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Volcanic activity, magma-sediment-water interaction, hydrothermal alteration and vein mineralisation in south County Waterford

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dc.contributor.advisor Moore, Kathryn
dc.contributor.advisor Feely, Martin
dc.contributor.author Breheny, Catherine
dc.date.accessioned 2011-10-28T13:56:29Z
dc.date.available 2011-10-28T13:56:29Z
dc.date.issued 2010-11-05
dc.identifier.uri http://hdl.handle.net/10379/2243
dc.description.abstract The Ordovician volcanic sequence of the south Waterford coast is used to investigate magma-sediment-water interaction and its role in hydrothermal systems. Field investigations and rock textures analysis have shown that relatively constant composition intrusions were emplaced in rapidly consolidating host sediments. Early intrusions into water-laden sediments generated peperite clasts, with morphology determined primarily by magma:sediment ratio. Hydrothermal alteration (chlorite + epidote + sericite ± pumpellyite) of the volcanic rocks is more pronounced within the more permeable and glassy sequences, such as peperite, hyaloclastite and pillow rims. The chemistry of chlorite (Fe# = 0.35-0.63), its distribution, and its association with epidote, pumpellyite, pyrite and Fe-oxides have been used to determine that an iron-rich hydrothermal fluid interacted with magnesium-rich seawater in varying ratios and that fluid convection was promoted in the permeable sequence. Later intrusions show no evidence of interaction with unconsolidated sediment and/or water and as a result the dominant alteration assemblage is representative of later diagenesis. Chlorite geothermometry shows that alteration occurred between 300°C and 400°C and, adjacent to peperitic intrusions, Na, K, Si and some REE are locally mobile within fluidised sediment. Sulphide-bearing veins were formed at lower temperatures (200°C to 350°C) as a result of mixing between a high temperature, low salinity fluid and a lower temperature, high salinity (possibly meteoric) fluid. The overall drop in temperature of the hydrothermal fluid may have contributed to the precipitation of base metals. Extensive volcanic activity within the seafloor generated an elevated geothermal gradient that drove a hydrothermal convection system and formed veins with base metals sourced from early volcanic and volcano-sedimentary products. en_US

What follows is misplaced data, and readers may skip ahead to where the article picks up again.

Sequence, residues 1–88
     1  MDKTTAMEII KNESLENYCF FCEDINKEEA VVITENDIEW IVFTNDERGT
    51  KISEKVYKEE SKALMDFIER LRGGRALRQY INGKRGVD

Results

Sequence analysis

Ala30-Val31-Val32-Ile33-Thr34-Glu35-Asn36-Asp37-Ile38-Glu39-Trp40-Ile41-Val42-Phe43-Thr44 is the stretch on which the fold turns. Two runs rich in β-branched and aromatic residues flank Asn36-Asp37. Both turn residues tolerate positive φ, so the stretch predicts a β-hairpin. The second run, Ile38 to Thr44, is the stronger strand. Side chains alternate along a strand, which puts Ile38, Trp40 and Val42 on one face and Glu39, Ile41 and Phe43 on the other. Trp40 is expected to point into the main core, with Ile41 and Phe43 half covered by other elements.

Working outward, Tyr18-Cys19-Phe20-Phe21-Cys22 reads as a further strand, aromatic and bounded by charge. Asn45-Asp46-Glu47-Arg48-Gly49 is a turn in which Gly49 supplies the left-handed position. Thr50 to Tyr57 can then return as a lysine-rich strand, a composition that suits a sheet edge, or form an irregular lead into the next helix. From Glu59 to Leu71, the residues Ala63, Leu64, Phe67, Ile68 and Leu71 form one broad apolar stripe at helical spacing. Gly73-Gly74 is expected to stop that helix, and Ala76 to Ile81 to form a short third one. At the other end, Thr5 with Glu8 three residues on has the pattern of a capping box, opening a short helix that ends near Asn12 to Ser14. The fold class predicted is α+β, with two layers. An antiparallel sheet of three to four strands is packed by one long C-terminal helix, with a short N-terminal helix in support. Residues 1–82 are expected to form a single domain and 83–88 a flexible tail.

dc.subject Iapetus closure en_US
dc.subject Peperite en_US
dc.subject Chlorite geothermometry en_US
dc.subject Fluid inclusion en_US
dc.subject Southeast volcanic belt en_US
dc.subject Earth and Ocean Sciences en_US
dc.title Volcanic activity, magma-sediment-water interaction, hydrothermal alteration and vein mineralisation in south County Waterford en_US
dc.type Thesis en_US
dc.contributor.funder Science Faculty, NUI Galway en_US
dc.local.note Volcanic rocks in south Waterford were formed as a result of magma extrusion onto an ancient seafloor. Heat transfer from magma to the surrounding environment produced a metal-rich hydrothermal fluid. Circulation of the hydrothermal fluid was coeval with alteration of the volcanic host rocks and formation of metal rich veins. en_US
dc.local.final Yes en_US

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